The traditional method to use when a large annotated dataset is not available is to use transfer learning [11]. Usually, models with general knowledge trained on ImageNet are used as pretrained models and are then fine-tuned for specific tasks. This process provides a good starting point for most convolutional models, as they come with already learned basic features. However, this approach is still limited to the general knowledge gained from ImageNet and, therefore, may not be helpful for specific domains [12].
To avoid these problems, self-supervised feature learning methods have been proposed, which learn from images that have not been manually annotated [13]. These models are based on convolutional neural networks that learn visual features through solving a pretext task. A number of pretext tasks have been proposed such as image inpainting [14], super-resolution [15] and image colorization [16]. The benefit of using these approaches come from the fact that the pseudolabels needed for the pretext task can be automatically generated. Therefore, any manual human effort is avoided. Models use raw, unlabeled data and produce meaningful representations that can be transferred to other tasks.
This paper focuses on exploring image colorization as a pretext task for visual feature learning. Image colorization is the process of adding color to an originally black and white image. It falls in the category of self-supervised tasks because any image can be split into its gray and color components. For example, when working in the Lab color space, the L-channel is used as input to the image colorization model, while the a and b channels are the pseudo labels that the model should learn to predict.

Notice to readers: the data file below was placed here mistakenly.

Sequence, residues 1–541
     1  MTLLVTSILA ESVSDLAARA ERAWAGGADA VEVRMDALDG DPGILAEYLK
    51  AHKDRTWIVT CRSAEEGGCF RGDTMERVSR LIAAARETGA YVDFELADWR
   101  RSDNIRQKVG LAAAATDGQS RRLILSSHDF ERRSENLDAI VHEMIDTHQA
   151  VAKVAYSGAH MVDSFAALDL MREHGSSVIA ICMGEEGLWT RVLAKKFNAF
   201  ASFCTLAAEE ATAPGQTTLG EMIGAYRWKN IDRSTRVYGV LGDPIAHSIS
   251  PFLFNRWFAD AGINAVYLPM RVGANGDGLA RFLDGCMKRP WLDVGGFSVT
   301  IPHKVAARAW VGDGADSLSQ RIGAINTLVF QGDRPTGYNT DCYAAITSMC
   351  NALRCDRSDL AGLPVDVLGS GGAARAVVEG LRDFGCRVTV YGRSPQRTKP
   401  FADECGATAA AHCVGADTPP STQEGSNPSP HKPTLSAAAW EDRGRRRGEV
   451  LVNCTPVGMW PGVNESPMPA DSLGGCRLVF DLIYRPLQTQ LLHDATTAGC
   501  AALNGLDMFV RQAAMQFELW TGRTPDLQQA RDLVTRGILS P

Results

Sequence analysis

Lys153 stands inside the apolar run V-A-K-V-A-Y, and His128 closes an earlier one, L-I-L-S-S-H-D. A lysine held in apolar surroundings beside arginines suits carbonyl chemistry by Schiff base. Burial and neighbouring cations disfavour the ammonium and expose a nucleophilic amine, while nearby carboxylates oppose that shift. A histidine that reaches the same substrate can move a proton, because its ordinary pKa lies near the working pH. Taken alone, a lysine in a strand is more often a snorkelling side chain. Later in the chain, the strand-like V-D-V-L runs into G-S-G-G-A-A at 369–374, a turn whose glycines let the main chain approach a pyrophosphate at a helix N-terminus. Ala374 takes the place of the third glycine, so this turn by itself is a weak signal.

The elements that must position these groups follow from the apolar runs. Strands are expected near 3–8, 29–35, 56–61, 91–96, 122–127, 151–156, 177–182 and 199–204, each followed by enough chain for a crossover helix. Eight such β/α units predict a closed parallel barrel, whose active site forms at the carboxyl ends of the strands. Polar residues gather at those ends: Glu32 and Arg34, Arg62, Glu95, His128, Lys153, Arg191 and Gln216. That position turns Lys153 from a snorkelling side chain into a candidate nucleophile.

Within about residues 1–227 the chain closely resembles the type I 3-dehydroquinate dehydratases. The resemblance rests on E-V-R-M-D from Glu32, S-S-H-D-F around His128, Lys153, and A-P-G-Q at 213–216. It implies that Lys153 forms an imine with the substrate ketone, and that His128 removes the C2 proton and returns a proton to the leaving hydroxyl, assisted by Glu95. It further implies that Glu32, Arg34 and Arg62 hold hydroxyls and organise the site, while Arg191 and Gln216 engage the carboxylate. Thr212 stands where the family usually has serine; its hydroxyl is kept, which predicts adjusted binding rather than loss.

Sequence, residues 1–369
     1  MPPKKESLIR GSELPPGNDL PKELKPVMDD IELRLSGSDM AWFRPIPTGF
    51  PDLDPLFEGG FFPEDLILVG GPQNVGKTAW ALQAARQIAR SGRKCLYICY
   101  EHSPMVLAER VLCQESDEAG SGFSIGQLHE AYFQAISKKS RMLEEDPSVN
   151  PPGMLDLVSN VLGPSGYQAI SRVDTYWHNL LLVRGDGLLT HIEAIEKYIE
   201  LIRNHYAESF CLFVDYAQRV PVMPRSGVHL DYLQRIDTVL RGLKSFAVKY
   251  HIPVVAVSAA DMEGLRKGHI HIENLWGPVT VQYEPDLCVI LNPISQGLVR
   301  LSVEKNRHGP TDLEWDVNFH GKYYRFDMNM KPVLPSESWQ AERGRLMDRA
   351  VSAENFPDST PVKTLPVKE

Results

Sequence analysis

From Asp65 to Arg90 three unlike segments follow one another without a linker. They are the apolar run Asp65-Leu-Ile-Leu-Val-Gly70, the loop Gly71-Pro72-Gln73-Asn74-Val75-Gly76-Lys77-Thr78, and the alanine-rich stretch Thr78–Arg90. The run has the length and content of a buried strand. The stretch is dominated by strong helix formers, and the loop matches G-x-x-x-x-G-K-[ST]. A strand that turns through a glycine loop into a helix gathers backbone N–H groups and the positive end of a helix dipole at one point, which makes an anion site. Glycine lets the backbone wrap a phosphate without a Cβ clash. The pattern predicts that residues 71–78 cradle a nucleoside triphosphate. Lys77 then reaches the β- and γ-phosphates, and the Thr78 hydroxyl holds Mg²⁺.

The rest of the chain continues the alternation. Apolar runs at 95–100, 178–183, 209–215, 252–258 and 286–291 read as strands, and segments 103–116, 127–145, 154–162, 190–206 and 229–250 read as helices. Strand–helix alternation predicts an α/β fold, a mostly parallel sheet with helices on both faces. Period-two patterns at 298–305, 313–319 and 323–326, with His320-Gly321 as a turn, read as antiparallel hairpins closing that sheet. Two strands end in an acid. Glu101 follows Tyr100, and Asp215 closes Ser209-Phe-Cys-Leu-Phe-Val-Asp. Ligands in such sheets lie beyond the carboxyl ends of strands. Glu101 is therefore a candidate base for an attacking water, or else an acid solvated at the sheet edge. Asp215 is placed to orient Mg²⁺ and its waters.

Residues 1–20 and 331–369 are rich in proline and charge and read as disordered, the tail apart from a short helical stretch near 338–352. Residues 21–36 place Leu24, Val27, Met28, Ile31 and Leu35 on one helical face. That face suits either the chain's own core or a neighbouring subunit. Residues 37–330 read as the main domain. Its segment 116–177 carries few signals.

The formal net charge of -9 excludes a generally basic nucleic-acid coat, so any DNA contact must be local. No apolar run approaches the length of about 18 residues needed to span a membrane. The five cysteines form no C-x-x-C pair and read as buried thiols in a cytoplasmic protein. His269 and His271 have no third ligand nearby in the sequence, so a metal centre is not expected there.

In this paper, first, we implement a conditional generative adversarial network (cGAN) [17] and train it on the pretext task of image colorization. Our main contribution is the usage of a generative adversarial network for the first time for the purpose of self-supervised visual feature learning through image colorization. We choose a GAN as a base for our model, as GANs have been proven to yield the most realistic results for the image colorization problem. After the model is trained, the learned visual features are transferred to two downstream tasks, multilabel image classification [18] and semantic segmentation [19]. The goal is to explore whether the performance of these downstream tasks can be improved using image colorization pretraining. Through the task of image colorization, the generative adversarial network learns visual features about the objects present on the training images, such as color, form, and texture. The rationale is that these visual features are general and could be useful to any other computer vision task, starting from image classification, object detection, and segmentation to other more complex tasks from the domain of image generation. We chose to apply image colorization on image classification and segmentation as downstream tasks, as they lay the foundations for most computer vision models.